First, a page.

Harper spent seven seasons with the Nationals before hitting free agency and ultimately signing with the Phillies on a 13-million, $330 million contract. The Nationals offered Harper a 10-year, $300 million contract at the end of the 2018 regular season, but about $100 million of that was deferred until he was 65 which lowered the present-day value of the offer. The Nats’ offer wasn’t even in the same ballpark, really.

Nevertheless, Nationals fans were upset that their prodigy jilted them to go to the Phillies. He was mercilessly booed whenever the Phillies played in D.C. Nats fans’ Harper jerseys were destroyed, or at least taped over.

Harper, of course, was phenomenal with the Nationals. He won the NL Rookie of the Year Award in 2012, then won the NL MVP Award several years later with an historically outstanding 1.109 OPS while leading the league with 42 homers and 118 runs scored. Overall, as a National, he had a .900 OPS. Pretty good. He was also productive in the postseason, posting an .801 OPS across 19 games, mostly against playoff teams’ best starters and best relievers. Furthermore, if the Nats had Harper this year, he would have been in right field in lieu of Adam Eaton. Harper out OPS’d Eaton by 90 points and posted 2.5 more WAR in a similar amount of playing time. The Nationals would have been even better if they had Harper this year.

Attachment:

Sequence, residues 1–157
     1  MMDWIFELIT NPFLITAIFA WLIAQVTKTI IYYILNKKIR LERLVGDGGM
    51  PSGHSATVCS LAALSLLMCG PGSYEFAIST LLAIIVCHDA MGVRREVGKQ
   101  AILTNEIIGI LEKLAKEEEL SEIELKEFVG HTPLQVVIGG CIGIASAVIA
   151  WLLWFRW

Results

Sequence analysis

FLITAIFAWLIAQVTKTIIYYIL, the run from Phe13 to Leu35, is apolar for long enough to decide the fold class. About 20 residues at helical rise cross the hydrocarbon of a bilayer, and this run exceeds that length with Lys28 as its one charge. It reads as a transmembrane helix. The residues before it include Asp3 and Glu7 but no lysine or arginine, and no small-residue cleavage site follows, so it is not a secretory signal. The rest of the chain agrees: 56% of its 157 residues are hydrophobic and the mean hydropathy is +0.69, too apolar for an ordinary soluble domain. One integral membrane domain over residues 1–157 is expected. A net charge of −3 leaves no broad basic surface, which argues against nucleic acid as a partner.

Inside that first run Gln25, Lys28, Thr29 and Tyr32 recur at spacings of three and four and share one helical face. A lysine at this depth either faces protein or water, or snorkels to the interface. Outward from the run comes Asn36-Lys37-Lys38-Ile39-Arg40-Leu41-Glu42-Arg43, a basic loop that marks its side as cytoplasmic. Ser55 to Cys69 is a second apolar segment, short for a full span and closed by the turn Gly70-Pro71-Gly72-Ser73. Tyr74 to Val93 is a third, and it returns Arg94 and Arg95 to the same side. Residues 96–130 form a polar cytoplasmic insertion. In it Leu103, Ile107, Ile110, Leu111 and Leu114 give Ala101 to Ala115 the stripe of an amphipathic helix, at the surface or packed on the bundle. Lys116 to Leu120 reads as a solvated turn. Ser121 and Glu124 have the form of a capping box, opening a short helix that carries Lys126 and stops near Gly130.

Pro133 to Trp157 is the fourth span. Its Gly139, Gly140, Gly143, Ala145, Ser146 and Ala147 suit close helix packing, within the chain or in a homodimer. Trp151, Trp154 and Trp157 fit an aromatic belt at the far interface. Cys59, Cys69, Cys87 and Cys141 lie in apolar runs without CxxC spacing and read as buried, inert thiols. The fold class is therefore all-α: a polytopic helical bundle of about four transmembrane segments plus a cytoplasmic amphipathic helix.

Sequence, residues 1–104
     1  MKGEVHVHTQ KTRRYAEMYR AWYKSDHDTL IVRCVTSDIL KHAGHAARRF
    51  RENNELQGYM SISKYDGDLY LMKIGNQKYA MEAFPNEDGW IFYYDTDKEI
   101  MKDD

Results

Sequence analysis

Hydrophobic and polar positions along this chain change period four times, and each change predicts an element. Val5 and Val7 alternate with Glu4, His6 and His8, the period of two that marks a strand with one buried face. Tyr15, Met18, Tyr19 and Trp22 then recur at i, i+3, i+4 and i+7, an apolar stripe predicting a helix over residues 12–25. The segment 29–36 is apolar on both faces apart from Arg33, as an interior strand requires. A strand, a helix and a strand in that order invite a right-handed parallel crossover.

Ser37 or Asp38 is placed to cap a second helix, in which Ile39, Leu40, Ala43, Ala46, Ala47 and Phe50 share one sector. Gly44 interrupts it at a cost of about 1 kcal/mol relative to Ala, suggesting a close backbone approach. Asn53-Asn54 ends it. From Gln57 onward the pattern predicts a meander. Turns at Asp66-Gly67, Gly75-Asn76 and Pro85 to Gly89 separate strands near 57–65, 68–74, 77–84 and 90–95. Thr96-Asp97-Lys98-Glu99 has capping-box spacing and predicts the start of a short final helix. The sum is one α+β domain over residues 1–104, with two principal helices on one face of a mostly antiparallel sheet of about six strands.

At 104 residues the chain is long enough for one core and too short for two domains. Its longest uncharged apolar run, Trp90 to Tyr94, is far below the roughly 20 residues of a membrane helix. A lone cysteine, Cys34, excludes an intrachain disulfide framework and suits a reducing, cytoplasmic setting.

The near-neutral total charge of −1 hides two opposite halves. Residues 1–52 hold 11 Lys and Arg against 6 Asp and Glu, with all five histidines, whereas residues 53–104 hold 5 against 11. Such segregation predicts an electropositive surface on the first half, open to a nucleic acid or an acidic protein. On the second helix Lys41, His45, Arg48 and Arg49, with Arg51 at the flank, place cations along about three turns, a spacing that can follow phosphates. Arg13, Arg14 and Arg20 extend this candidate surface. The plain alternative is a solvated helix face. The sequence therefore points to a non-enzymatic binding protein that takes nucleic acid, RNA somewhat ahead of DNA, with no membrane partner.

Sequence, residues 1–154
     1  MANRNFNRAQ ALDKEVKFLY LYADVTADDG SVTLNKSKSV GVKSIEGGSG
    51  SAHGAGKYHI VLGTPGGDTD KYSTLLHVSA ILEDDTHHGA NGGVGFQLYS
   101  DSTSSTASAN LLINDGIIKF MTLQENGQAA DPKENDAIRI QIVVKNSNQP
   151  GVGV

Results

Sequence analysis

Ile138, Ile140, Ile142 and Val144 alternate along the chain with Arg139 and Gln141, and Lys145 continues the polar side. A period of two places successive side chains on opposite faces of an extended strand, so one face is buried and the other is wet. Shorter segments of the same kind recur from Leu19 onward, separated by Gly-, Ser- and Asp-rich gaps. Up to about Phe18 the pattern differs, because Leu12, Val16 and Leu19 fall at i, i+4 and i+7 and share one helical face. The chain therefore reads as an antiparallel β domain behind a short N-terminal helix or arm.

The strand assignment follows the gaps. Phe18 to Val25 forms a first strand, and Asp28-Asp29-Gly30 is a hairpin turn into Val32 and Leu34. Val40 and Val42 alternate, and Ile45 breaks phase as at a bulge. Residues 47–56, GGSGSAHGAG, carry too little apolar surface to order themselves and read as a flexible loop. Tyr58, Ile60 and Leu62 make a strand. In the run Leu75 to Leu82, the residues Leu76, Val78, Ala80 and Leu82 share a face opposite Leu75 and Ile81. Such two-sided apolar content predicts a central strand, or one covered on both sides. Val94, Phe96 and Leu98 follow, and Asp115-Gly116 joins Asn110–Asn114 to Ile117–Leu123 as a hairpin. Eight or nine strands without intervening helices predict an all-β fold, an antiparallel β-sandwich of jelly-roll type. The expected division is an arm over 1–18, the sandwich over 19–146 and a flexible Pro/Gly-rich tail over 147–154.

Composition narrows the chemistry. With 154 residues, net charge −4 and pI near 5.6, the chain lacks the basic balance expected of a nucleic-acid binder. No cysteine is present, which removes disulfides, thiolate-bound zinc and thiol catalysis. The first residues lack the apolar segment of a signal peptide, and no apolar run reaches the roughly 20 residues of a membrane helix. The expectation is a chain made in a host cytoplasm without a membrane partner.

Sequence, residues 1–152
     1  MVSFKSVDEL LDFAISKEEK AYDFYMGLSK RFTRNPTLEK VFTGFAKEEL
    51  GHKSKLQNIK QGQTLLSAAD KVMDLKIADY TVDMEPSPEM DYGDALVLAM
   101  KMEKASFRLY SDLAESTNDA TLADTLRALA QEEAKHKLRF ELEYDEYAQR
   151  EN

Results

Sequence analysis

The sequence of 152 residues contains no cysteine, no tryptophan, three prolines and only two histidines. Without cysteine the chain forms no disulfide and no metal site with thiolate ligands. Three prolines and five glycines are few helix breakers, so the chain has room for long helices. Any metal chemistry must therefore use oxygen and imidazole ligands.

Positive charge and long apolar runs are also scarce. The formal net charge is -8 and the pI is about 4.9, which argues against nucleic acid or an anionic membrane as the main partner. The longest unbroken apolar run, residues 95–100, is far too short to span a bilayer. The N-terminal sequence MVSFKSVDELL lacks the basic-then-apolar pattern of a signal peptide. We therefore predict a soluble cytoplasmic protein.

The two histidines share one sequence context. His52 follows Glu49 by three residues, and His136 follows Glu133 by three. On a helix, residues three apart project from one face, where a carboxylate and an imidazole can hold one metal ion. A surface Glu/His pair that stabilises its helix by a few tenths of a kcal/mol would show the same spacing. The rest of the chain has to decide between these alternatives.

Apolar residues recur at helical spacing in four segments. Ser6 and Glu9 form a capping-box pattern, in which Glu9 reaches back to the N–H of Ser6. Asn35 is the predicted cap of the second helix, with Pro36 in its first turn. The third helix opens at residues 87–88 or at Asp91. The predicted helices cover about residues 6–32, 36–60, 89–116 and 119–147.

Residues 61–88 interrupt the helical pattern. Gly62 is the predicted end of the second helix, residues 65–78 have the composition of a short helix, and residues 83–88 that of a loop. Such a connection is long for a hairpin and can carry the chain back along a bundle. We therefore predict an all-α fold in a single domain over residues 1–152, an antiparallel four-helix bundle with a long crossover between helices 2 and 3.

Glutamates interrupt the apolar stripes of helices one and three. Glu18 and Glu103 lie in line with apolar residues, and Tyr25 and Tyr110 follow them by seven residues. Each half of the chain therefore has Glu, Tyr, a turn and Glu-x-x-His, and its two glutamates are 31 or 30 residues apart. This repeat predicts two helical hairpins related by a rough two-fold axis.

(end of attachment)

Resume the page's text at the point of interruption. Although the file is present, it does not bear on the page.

The Nationals lost all four Division Series they appeared in during the Harper era. 3-2 to the Cardinals in 2012, 3-1 to the Giants in ’14, 3-2 to the Dodgers in ’16, and 3-2 to the Cubs in ’17. They finally get over the hump the first year they’re without Harper, that’s the difference, right? I saw the phrase “addition by subtraction” repeatedly last night, referring to Harper and the Nats’ subsequent success without him.

Harper, though, didn’t fork over four runs to the Cardinals in the top of the ninth inning in Game 5 in 2012. He didn’t allow the Dodgers to rally for four runs in the seventh inning of Game 5 in ’16 before ultimately losing 4-3. He didn’t use a gassed Max Scherzer in relief in 2017’s Game 5, when he allowed five of the seven Cubs he faced to reach base, leading to three runs which loomed large in a 9-8 loss. If certain rolls of the dice in those years had gone the Nationals’ way, they would have appeared in the NLCS. They might’ve even been able to win a World Series.

The Nationals saw how that looks this year. It was the opposing manager this time, Dave Roberts, who mismanaged his bullpen. Howie Kendrick then hit a tie-breaking grand slam in the 10th inning off of Joe Kelly to win the NLDS for the Nats. The playoffs are random. Sometimes a ball bounces your way, sometimes an umpire’s call goes your way, and sometimes the opposing manager makes several unforced errors to throw Game 5 in your lap.

Reaching the World Series, then thumbing your nose while sticking out your tongue at Harper feels like a guy tagging his ex-girlfriend on his new wedding photos. It’s time to move on.